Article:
MS SQL Injection Pages From Ireland [nihaorr1]

2050 Infected Pages From Ireland

If you are running MS SQL on IIS servers be aware that this seems to be spreading quickly.


Golden Spiders Best Spammer Award Goes To…

Last year I was pretty vocal on the Golden Spiders Awards. This year I was pretty uninterested.

But I think this story of the Golden Spiders organisers ‘guilty’ of spamming just about sums it up for this particular ‘awards’ ceremony.

How can spammers be relied upon to select Ireland’s top websites? Seriously?

Blogs Security

Technorati Wiki

Very light posting from me…

Here’s a quickie – check out Technorati’s developer wiki. Let’s just say it’s been moderately spammed (to death)….

Technorati Developers Wiki


Euro Business Guide Scamming Again

I mentioned this before. I just cant understand how this crowd are still in operation. Total bunch of crooks:

Please print and fill the enclosed document and send it back to:
Euro Business Guide,
P.O. Box 2021,
The Netherlands,
updating is free of charge!

If you want to unsubscribe send an email to

The ‘updating is free of charge!‘ really is such an underhand way to hide the following fine print in the footer of their sign-up form:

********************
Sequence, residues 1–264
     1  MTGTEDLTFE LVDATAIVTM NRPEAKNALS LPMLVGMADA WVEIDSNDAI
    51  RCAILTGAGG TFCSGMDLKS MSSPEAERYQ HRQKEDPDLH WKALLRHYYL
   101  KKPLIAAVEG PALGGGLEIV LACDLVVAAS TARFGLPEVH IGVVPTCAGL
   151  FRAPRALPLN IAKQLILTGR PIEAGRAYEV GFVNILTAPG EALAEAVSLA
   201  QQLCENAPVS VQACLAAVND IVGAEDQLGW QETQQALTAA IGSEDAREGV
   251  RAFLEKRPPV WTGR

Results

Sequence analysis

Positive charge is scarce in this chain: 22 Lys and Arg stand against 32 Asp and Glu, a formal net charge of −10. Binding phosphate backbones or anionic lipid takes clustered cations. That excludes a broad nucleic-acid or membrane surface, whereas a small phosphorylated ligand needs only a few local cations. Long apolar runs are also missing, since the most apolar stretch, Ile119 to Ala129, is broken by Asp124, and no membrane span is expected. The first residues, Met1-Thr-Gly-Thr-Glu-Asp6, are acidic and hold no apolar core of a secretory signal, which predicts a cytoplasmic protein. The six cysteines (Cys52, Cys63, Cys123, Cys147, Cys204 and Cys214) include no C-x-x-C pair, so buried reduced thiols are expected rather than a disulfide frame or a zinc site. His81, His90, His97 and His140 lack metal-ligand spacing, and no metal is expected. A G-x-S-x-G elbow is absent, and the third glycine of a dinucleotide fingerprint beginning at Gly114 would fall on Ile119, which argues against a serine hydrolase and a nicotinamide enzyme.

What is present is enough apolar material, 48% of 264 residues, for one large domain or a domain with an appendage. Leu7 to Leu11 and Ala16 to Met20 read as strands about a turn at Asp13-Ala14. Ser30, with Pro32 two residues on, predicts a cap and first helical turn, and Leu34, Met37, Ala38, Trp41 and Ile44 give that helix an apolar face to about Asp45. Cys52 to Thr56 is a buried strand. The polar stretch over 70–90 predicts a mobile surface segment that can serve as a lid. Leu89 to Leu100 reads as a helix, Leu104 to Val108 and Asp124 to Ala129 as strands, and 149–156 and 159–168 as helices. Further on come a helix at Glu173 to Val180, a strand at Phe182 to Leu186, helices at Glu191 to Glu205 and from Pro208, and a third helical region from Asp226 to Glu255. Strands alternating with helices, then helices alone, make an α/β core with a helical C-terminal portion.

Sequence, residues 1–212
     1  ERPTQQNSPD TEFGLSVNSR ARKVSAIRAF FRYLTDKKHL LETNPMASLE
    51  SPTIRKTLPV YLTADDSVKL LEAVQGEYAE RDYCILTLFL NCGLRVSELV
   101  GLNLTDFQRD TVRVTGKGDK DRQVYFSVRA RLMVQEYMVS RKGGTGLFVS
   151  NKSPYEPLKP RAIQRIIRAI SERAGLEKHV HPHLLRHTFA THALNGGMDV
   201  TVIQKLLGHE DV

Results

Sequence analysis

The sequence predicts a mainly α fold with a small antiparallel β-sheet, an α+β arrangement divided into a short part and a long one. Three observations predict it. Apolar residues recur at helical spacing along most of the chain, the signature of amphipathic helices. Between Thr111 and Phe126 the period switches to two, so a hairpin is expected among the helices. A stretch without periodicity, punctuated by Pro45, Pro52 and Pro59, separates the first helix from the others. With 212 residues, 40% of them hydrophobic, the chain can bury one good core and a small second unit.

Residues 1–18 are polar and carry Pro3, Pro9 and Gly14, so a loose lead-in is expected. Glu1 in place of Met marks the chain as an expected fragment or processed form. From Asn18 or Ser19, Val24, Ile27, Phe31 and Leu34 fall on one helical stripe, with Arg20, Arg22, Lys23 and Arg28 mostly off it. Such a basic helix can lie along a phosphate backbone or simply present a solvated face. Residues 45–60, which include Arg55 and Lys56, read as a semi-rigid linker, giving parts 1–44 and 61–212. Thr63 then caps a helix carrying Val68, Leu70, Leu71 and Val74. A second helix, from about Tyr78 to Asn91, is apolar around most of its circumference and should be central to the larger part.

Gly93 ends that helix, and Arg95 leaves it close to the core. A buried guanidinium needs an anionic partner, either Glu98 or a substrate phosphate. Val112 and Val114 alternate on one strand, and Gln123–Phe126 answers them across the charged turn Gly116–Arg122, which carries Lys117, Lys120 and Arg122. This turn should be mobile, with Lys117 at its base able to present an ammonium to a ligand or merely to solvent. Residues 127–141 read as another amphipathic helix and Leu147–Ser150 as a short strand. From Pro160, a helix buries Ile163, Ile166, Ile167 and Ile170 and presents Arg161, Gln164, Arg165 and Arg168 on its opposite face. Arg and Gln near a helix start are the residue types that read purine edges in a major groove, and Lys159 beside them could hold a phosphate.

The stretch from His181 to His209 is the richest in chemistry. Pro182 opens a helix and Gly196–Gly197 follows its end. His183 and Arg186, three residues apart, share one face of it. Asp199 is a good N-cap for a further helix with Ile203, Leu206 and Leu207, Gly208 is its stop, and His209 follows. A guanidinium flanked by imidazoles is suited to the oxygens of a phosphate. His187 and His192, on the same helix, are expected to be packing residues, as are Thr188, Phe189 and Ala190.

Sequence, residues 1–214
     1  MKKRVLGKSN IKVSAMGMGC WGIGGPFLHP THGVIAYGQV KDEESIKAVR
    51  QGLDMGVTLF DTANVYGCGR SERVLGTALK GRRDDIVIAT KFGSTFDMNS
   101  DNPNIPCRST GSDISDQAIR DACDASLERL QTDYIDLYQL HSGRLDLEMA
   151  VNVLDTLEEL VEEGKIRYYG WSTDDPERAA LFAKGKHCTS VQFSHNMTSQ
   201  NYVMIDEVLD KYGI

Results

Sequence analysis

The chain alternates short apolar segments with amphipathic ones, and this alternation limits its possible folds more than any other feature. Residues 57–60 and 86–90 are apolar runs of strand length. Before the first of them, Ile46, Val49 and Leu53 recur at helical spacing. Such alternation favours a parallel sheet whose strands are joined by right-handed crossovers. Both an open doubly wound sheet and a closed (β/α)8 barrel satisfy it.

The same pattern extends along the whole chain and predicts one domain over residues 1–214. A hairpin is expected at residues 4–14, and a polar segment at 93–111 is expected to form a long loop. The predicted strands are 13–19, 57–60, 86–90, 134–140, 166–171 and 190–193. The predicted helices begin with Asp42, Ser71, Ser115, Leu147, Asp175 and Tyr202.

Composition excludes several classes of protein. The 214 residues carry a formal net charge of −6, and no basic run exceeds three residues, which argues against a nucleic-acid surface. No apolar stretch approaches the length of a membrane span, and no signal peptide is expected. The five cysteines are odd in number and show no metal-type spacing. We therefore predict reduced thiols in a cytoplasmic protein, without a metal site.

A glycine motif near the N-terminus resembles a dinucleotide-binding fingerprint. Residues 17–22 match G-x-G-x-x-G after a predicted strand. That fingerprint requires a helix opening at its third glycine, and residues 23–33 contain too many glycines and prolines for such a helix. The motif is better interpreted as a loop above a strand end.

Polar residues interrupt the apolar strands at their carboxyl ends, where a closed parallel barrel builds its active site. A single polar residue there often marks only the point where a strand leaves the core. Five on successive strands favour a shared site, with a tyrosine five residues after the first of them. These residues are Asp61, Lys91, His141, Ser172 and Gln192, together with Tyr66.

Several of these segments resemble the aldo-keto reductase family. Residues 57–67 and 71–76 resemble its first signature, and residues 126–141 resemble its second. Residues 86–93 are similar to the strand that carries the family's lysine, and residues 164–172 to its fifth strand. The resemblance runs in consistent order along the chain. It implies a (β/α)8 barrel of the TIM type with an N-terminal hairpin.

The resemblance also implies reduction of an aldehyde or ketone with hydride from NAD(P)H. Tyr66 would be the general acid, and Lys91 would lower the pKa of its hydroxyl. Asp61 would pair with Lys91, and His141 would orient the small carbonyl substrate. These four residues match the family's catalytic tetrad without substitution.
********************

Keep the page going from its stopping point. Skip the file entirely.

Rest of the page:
Ooh, how nice – 7 days cooling off period (God forbid they actually break the law).


Wow, that’s good value – €999 per annum with automatic extensions for two further years.

If you receive anything from this bunch of gougers simply ignore it as spam of the most repulsive kind.

If you have signed this form unknowing of the legalese, you have 7 days under EU legislation to cancel your subscription (Distance Selling Directive), and if Euro Business Guide pursue you for payment (regardless of the 7 days) get in touch with your local national consumer affairs body.

Hopefully some day these people will receive their just deserts…

Search Engine Optimisation Security Cloaking – Will They Be Banned From Google?

A nice little find by Niall Donegan who discusses cloaking:

A prime example of this is When searching for current Irish news it usually ranks fairly high on Google, however all the pages require you register first before you view them. The registration gives no advantage to people like me who just want to a quick look at the latest news. I suspect that I’m not alone and that lots of people will just go back and look for another site.